Author Topic: Fisher Rifle - Lynchburg, VA  (Read 857 times)

Offline Sawfiler

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Fisher Rifle - Lynchburg, VA
« on: June 13, 2018, 03:08:02 PM »
Found in an attic I was helping a family friend clean out. Not mine but I have permission to post photos. I expect it was stored in that attic in the 1960's or 70's and untouched since. The barrel is stamped "Fisher Lynchburg VA" and is .40 caliber, 41 inches long 7/8" straight. No markings on the lock. Ramrod is clearly a replacement. I am guessing 1840's, and assume this to be a mid to upper quality gun with the curly maple stock and patch box with hunters star inlay. Any input would be welcome.









































« Last Edit: June 13, 2018, 03:37:20 PM by Sawfiler »

Offline Molly

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Re: Fisher Rifle - Lynchburg, VA
« Reply #1 on: June 13, 2018, 07:01:21 PM »
From what I have read, backlocks are more like 1860 right up to just beyond 1900. Whisker names Cyrus Fisher (b 1820) working in Lynchburg from 1850 to 1877.
Elkans Fisher of Lynchburg (b 1834) working in Lynchburg from 1850 to 1888.  John Fisher, Lynchburg 1850.  Levy Fisher in Lynchburg "before the civil war" as well as an O.S. Fisher of Strausburg and Lunchburg.  Oh yes, how about William B. Fisher, b 1814 d 1892.  William and Cyrus Fisher operated as the Lynchburg Gun and Pistol Emporium!!
« Last Edit: June 13, 2018, 07:16:20 PM by Molly »

Offline Sawfiler

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Re: Fisher Rifle - Lynchburg, VA
« Reply #2 on: June 13, 2018, 07:09:51 PM »
You may be totally correct. I was basing my assumption on the full stock, buttplate style, checkering style and some of the other features based on my limited knowledge. If you can point me to further documentation I would appreciate it.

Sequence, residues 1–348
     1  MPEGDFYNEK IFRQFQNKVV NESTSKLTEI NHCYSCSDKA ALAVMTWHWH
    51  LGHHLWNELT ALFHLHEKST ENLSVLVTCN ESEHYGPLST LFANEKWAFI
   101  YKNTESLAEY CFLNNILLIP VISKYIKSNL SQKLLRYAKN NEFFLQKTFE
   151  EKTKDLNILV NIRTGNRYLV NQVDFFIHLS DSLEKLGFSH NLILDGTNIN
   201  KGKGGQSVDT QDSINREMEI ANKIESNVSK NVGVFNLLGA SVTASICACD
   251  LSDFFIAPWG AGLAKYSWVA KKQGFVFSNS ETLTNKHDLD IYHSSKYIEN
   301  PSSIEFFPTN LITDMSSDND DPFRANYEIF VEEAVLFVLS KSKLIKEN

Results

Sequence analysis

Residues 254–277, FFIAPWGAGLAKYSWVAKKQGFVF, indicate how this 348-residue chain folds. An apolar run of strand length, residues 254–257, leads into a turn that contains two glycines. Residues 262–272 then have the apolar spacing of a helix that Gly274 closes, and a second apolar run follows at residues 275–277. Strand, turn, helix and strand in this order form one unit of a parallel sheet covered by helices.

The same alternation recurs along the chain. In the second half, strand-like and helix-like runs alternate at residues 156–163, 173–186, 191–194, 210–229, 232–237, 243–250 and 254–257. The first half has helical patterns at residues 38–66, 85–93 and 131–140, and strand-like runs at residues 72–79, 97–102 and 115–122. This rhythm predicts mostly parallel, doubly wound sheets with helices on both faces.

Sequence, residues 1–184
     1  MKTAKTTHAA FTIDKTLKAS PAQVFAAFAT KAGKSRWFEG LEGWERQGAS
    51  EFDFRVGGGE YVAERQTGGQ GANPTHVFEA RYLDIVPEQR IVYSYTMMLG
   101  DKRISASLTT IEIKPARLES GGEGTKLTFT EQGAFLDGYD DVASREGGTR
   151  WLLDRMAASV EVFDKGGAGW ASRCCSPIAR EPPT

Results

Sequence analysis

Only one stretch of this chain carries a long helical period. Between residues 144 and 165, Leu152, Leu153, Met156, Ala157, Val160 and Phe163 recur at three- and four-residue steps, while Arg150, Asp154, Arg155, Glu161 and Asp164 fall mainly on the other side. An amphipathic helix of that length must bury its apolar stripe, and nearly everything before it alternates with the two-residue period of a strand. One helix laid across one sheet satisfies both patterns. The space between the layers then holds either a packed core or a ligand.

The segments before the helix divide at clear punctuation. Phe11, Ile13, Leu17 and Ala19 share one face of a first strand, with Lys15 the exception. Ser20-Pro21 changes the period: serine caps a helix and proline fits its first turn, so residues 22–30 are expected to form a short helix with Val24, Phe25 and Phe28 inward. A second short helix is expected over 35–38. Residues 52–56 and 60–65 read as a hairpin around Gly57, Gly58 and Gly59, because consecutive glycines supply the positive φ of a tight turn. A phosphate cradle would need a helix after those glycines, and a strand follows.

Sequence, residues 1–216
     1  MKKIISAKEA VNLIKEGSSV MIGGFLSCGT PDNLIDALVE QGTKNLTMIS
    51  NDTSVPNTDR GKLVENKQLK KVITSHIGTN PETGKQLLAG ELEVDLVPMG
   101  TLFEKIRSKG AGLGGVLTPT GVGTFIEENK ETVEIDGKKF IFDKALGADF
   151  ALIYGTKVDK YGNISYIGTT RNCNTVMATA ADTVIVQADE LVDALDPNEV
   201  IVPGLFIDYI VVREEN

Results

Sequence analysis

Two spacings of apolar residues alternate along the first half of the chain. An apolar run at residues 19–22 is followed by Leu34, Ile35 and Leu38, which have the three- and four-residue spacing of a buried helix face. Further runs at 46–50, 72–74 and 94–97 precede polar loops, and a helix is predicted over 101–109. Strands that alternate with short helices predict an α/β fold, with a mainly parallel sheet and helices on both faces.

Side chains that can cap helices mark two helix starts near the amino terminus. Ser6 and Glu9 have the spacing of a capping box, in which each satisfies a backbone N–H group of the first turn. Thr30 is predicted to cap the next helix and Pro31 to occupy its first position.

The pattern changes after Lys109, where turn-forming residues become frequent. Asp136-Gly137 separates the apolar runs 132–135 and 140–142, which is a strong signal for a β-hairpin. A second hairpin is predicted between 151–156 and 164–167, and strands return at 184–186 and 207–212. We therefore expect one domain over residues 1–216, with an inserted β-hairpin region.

Offline Molly

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Re: Fisher Rifle - Lynchburg, VA
« Reply #3 on: June 13, 2018, 07:18:11 PM »
Comment added to my original post.  This is all straight from Whiskers book but maybe you can check some of these names out.

Offline mbriggs

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Re: Fisher Rifle - Lynchburg, VA
« Reply #4 on: June 13, 2018, 08:38:10 PM »
I have also seen the Fisher name with Lynchburg , Va. stamped on the barrel of a Colt pistol.  I believe the family owned a hardware store in Lynchburg and had their name stamped on weapons they sold.

Michael
C. Michael Briggs

Offline Molly

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Re: Fisher Rifle - Lynchburg, VA
« Reply #5 on: June 14, 2018, 12:13:31 AM »
Yep, that's sort of the way I see it too.

Offline Tanselman

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Re: Fisher Rifle - Lynchburg, VA
« Reply #6 on: June 14, 2018, 01:43:08 AM »
Back-action locks were in use well before 1860; I have a high grade rifle from Kentucky with a back-action lock that is dated in the signature "1837." In my experience, the early back-action locks were often stocked with a small side facing in front of lock, on both the lock side and on the reverse. The small side-facing disappeared within a few years, leaving the back-action gun smooth ahead of the lock on both the front and back sides, as yours is. Your inlays and box are not engraved from what I can see. I would date your back-action rifle to the late 1840s, maybe into the early 1850s. It's guard doesn't look later than that to me.The gun has a lot going for it with the forestock inlays, box, etc., plus decent bore size.  It would be nice to see larger photos of the rifle, the more "standard" half-shot views of each side from the butt out to about 10 inches past lock plate, to get a better feel for the overall gun. All the small photos are good for details, but not to get a good idea of the whole rifle.  Shelby Gallien